Brendan Ruppenthal was one of my best friends. He was also my unrequited high school crush. I bring this messy, embarrassing chapter in my life up only because it speaks so directly to the kind of person Brendan was. He, our friend Brian, and I were nearly inseparable in high school, participating in theater and multiple choirs together. And me, being the sensitive, overly-emotional, nerd I was, developed a huge crush on Brendan and told him so. And he, being the laid back, kind, and calming presence he was, made it very clear that he did not return my feelings but that we could still be friends. My experience has always been that when you tell a friend you have stronger feelings for them and they don’t return the sentiment that that’s the end of the line. Your relationship is never the same and most times you never talk again. Brendan was the exception to that rule. His continued friendship was one of the greatest gifts anyone has ever given me.
Brendan introduced me to the Dave Matthews Band. My first semester in college, in fact my very first week, Brendan drove up to Drew and picked me up. We went to Hershey for the weekend and saw my very first show with his brother Christian who I had met but never hung out with before. This was one of the most formative experiences of my life. Though I was in college and virtually an adult living on my own in a manner of speaking, my mother had forbidden me from going and missing a class or two my first week. Not unreasonable in retrospect. I went anyway of course and felt like some sort of secret agent, sneaking away with my friend, drinking my first bronsons in the parking lot and seeing DMB for the first time. I remember telling Bren that I didn’t know if I liked bronsons or not before he laughed and explained that bronsons were beers and I was a dork.
Two weeks later I was taking a train into New York City by myself for the very first time and meeting Christian, his friend Brad, and later Brendan to see Dave Matthews Band in Central Park with 100,000 other people. From that point on Brendan, Christian, and I with a revolving door of many others saw countless DMB shows together, sometimes I would see 5 in a year. I’ve seen over 40 now. They were the days I looked forward to more than almost anything in my life. Christian and I became just as close, maybe closer, than Brendan and I were. In the end, Christian was the person who married my husband Chuck and me. Christian’s wife Juliann was by my side as a bridesmaid. All of this because Brendan generously made the decision to remain my friend.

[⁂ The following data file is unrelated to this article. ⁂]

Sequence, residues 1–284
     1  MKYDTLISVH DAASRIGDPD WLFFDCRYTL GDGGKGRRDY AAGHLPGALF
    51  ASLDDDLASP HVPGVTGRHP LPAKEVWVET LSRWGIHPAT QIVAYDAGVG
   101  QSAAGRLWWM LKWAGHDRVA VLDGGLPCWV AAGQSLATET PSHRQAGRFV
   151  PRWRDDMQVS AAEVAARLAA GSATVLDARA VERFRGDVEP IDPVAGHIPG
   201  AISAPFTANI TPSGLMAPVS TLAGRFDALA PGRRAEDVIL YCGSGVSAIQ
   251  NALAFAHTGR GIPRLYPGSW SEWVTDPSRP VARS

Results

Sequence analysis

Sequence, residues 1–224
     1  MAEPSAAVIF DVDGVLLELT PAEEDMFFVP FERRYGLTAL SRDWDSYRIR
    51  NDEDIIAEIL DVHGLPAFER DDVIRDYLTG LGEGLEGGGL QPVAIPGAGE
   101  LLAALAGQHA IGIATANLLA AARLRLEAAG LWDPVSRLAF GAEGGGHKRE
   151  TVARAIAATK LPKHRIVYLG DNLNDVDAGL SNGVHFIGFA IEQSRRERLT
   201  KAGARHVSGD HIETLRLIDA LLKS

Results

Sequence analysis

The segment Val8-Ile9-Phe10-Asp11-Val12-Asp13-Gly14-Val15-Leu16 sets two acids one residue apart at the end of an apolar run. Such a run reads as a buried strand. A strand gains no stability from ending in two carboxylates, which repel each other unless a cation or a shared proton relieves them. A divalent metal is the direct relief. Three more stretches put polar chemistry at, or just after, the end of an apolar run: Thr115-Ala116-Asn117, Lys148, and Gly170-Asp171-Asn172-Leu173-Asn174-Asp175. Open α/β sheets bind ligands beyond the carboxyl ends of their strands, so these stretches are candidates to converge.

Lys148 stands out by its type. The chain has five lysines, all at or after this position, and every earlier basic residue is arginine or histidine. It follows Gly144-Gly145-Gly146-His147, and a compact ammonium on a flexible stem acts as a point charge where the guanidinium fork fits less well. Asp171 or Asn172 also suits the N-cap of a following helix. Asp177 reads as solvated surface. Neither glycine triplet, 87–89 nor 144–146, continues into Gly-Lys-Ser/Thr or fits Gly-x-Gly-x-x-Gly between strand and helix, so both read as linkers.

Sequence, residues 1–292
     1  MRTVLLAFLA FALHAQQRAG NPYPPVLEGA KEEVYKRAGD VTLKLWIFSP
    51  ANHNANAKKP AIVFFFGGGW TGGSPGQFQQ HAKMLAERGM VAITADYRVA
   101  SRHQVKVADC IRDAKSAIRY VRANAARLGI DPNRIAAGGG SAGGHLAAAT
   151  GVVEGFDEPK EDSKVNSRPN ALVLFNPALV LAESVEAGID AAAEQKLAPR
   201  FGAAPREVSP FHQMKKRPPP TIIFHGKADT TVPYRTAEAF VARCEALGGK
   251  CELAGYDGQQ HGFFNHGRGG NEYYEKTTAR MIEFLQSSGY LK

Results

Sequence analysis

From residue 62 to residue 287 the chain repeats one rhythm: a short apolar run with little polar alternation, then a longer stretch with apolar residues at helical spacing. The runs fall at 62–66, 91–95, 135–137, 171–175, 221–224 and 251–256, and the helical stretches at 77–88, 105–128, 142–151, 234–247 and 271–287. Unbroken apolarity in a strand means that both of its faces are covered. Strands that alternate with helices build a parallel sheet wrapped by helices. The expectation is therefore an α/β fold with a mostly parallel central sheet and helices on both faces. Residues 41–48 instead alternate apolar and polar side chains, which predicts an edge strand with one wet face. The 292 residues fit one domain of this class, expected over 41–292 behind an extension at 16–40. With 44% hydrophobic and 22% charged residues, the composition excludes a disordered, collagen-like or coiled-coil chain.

Not long after I started going to shows with Brendan he met Jenny, his incredible wife. And almost immediately that was it. They were perfect for each other – two strong, determined, wonderful people, even more so together. They forged a beautiful life full of friends, family, Disney, and so much more together through all kinds of challenges including their completing hockey fandoms – Rangers for Bren and Flyers for Jenny (something that continues to boggle my Rangers loving mind) – and for the last 9 years have fought Brendan’s cancer diagnosis with a united front stronger than anything I have ever seen.
Three years ago Brendan found out about Cycle for Survival and encouraged us all to get involved. He founded Team Rookenthal to raise money for rare cancer research. Not just because Memorial Sloan Kettering treated him but because they treated so many others – gave innumerable people and their families hope. In those three years, taking our lead from Brendan’s boundless enthusiasm and drive we have raised over $75,000 to fund rare cancer research – to try to end rare and underfunded forms of the disease like the one who took the life of my friend yesterday.
Often when we die someday the best we can hope for is to leave a mark in the kind of person we were and the relationships we made while we were here. Brendan already had that covered in spades. But in addition to the literally hundreds of people who love him and miss him fiercely, whose lives were better for having known him, he leaves a more tangible legacy in the founding of Team Rookenthal and his fight to end rare cancers not just for himself, but for all those affected. It has been incredibly hard to wrap my mind around the news over the last 24 or so hours, even knowing that he was sick, seeing him fight the way he did, it was often easy to imagine that this day would never come. It simply couldn’t. The idea of losing someone my own age, someone who was still building that incredible life with his wife and son, is unfathomable no matter the circumstances. Every time my thoughts drift to him and the realization that we will never make another memory, we’ll have another beer, Rangers game, or DMB show together my heart breaks all over again, and I don’t imagine that feeling will stop any time soon.
Brendan was the kind of friend who would call me from the Gorge and hold his phone up so I could hear my favorite DMB song that I hadn’t heard live yet. He was thoughtful and generous. I am more grateful than he ever knew for his patience, his kindness, and his friendship. The last words I said to him were, “love you buddy. See you soon.” I wish I had gotten to say so much more. But, he hated my gushy emotional rants of gratitude, so he probably would have laughed it off. Considering that I guess there’s really not much more to say than I got the chance to. My friend was kind, generous, devoted, selfless, brave, and funny. He was one of the hardest workers I’ve ever known. He was an amazing friend, brother, son, husband, and father. He will be missed more than anyone could quantify and will continue to be loved just as much. Thank you for everything Brendan. Love you buddy. See you soon.
If you’d like to support Team Rookenthal’s continued fight to end rare cancers and Brendan’s wife Jenny and son Callan you can donate below: